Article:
E Is There A Disconnect Between The Stock Market And The Global Economy?

World economic growth is moderating and coming off peaks that were achieved in 2017 and 2018. In part this long-predicted development reflects the tightening by central banks, a natural cooling of the pace of growth, the elevated uncertainty in financial markets and the evolution of the China-US trade war.

While the growth rates of the advanced economies probably peaked last year, the amount of slowing projected into 2019 and 2020 is far from catastrophic. Yet the stock markets have been in a down phase for quite a while (although not in January), and the shape of the yield curve signals slower growth, if not a recession some time ahead.

Up to last month the major central banks that have all been tightening (the Fed, the Bank of Canada, and the European Central Bank) but as already noted, in January the Fed signalled a pause in its tightening because of the worries surrounding the global slowdown and trade war concerns.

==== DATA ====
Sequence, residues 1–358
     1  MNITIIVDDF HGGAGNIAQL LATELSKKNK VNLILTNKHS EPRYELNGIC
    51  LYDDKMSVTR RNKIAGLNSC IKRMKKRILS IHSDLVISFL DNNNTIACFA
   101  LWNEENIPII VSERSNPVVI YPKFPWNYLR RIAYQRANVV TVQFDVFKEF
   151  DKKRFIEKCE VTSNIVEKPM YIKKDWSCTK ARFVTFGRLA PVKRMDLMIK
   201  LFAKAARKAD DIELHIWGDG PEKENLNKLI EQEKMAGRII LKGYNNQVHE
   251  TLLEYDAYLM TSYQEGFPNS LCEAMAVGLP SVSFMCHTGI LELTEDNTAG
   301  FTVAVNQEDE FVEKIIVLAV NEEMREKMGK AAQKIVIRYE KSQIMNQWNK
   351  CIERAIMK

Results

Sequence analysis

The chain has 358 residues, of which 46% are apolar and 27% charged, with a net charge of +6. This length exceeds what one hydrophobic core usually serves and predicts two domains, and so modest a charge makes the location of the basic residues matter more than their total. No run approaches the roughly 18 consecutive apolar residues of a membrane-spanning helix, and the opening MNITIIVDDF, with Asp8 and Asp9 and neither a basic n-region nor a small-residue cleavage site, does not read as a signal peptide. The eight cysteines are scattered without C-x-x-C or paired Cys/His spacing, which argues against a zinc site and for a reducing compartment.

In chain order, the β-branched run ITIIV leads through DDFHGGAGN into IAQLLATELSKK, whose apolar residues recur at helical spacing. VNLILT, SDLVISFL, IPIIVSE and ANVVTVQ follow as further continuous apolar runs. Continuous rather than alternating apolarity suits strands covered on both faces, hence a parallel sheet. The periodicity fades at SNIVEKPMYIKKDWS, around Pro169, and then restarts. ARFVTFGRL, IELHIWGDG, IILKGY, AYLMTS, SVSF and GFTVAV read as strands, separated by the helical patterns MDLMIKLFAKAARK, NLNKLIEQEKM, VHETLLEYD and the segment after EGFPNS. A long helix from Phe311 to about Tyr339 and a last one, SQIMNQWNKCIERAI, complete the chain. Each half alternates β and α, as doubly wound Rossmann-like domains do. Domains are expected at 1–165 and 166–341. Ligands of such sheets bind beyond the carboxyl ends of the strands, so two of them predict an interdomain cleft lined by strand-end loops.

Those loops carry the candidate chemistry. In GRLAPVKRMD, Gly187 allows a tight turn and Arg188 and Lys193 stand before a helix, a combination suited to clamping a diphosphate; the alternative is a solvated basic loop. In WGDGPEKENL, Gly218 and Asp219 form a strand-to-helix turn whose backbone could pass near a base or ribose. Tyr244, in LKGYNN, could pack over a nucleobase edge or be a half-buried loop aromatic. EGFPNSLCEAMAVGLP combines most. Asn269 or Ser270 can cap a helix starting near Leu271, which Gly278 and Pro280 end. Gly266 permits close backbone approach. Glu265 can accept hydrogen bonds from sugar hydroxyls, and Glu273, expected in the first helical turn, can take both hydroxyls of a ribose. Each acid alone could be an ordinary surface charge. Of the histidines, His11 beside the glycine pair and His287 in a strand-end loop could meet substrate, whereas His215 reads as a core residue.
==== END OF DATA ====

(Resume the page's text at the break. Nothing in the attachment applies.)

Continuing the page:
The consensus global economic forecast as reflected in recent IMF projections has world growth slowing from 3.7% in 2018 to 3.5% in 2019 and 3.6% in 2020.  However, the stock market declines and the movements in the shape of the US treasury yield curve imply a much greater growth markdown in the global and the US economies, including the possibility of recession in some countries.

By and large, indicators in Canada and the US, and isolated indicators in the UK and Europe, suggest that there is still momentum in the economy. Moreover, in recent months Canadian and American jobs growth have tended to surprise on the upside.

Ironically, while there is a spate of bad news out there in terms of the US and global economic outlook, it does seem to this writer that the major economies still have considerable momentum.

Economic expansions need not die of old age. If the current expansion ends, expect either an external real or financial shock or a mistake on the monetary policy tightening front.



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Arthur Donner 1 year ago Author's comment


Every time I think that the markets should have fully discounted an issue-e.g. tariffs, rate changes--somehow the market still reacts.

Who really knows.

Gary Anderson 1 year ago Contributor's comment

The stock market may be starting to factor in the likelyhood of at least some continuing tariffs. The steel tariffs in the USA are a disaster for drawing companies to this nation in manufacturing. And increased tariff danger lurks as the tariff man appears to be deluded about what he can accomplish.